Review: Volkswagen Touareg 3.0 TDI

This is the third-generation Volkswagen Touareg, the brand’s flagship SUV.

This generation of the Touareg is only available as a five-seat SUV and there seems to be no plans to introduce an Allspace version like Volkswagen did with the Tiguan. 

Volkswagen Touareg rear quarter view

Better dimensions

In comparison to its predecessor, the new Touareg grows by 77mm in length and 44mm in width and the roofline comes down by 7mm. Overall, the car’s proportions work well. It has shed 106kg too. The boot is a useful 810 litres before you lower the rear seats.

Volkswagen Touareg boot

The version on test here is the 3.0-litre V6 diesel with 4Motion all-wheel drive and eight-speed DSG automatic transmission in R-line design. The Touareg can also be had with a lesser-powered V6 diesel making 231hp. This also comes with the DGS and 4Motion transmission.

Volkswagen Touareg side profile

Rear wheel steering

You also have a choice of specifying air suspension and rear wheel steering. The latter alters the angle of the rear wheels depending on speed. At up to 37 km/h, the rear wheels are automatically turned to an angle opposite to the front wheels. This makes the Touareg more agile and more nimble. Especially when manoeuvring, the all-wheel steering makes its presence felt in the reduction of the turning circle from 12.19 to 11.19 meters. When driving at speeds above 37 km/h, the rear wheels turn in the same direction as the front wheels. This makes for smoother handling as the all-wheel steering system stabilises lane changes, for example during fast overtaking or lane changes on a motorway. The same applies to sudden evasive manoeuvres.

Volkswagen Touareg front side view

The air suspension features differing ride heights according to driving modes and can lower the car by up to 35mm at motorway cruising speeds to maximise fuel economy. Going off-road won’t be a problem either, as it can raise its body to improve ride height and approach and departure angles.

Volkswagen Touareg drive modes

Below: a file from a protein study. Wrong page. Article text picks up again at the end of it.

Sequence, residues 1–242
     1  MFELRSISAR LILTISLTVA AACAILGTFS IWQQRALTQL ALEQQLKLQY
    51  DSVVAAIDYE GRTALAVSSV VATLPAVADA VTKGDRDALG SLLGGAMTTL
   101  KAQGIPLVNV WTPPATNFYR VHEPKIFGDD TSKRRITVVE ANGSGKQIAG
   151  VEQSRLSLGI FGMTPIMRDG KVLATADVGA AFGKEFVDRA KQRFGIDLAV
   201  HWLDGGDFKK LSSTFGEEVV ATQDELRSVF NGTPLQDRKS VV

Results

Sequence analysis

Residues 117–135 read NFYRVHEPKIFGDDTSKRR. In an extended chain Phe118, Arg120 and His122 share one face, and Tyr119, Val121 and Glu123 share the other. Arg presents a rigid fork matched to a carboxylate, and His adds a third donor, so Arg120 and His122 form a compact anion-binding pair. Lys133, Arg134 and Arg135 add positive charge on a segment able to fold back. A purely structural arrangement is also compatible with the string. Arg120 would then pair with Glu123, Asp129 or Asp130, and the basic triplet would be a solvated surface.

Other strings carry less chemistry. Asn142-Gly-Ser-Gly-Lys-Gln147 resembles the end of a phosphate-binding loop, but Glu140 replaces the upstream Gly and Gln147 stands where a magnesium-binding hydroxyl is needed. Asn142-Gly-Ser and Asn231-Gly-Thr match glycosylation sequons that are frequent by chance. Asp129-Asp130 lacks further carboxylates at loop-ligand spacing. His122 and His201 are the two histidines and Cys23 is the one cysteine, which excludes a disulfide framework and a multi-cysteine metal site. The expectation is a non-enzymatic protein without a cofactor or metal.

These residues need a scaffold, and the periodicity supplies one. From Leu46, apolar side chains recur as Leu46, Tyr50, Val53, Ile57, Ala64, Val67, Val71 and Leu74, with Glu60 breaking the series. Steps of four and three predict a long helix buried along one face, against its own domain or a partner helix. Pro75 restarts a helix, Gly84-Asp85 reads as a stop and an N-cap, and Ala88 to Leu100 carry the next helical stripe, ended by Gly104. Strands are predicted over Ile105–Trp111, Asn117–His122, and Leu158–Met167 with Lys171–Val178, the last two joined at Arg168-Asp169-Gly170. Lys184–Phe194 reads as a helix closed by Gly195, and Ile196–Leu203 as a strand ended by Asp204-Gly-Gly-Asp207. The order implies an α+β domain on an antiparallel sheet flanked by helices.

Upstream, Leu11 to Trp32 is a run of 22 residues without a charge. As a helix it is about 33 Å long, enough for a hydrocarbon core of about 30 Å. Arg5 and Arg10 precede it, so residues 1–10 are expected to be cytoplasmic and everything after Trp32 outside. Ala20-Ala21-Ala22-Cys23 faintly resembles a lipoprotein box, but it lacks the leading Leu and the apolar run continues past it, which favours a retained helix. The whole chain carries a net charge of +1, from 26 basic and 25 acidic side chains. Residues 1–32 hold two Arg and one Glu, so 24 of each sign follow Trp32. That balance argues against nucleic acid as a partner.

Touareg rivals

The Touareg starts at €66,245 and its main rivals are its Audi Q7 stable mate (the both use the Volkswagen Group’s ‘MLB’ platform), the Land Rover Discovery and the Volvo XC90.

The Touareg looks the business especially in this R-line spec with those large 20-inch alloys filling the arches nicely.

Volkswagen Innovision display

But for me, the big draw is the cabin, which is dominated by a new ‘Innovision’ system. This consists of a 12-inch instrument display and a 15-inch infotainment touchscreen display that appear to all form one single panel in the dashboard. It looks mega and is super nice to look at and use. It is quick and slick and adds a ‘wow’ factor.

Volkswagen Touareg interior

There are a few hard plastics in the cabin that shouldn’t be there for a car that starts above €65k. The rest of the cabin is impressive too with its soft touch materials, spaciousness and comfortable seats.

That comfort also extends to the ride which is composed and mature. Grip is great and corners can be taken with surprising confidence for such a big and hefty machine.

Volkswagen engine

V6 engine

The 286hp V6 is super smooth and refined and the 600Nm of torque makes for a brisk performance in nearly all driving conditions. But the Touareg is most at home on the motorway where cruising is an effortless affair, thanks in part to the impressive amount of safety systems and driving technology onboard.

The Volkswagen Touareg is an impressive family SUV. It is spacious, comfortable and refined with excellent road manners and handling. A steep price and high rates of annual motor tax in Ireland does somewhat diminish the Touareg’s appeal. It does come loaded with tech and you feel incredibly safe and protected behind the wheel. Nevertheless its breath of abilities and refinement is impressive.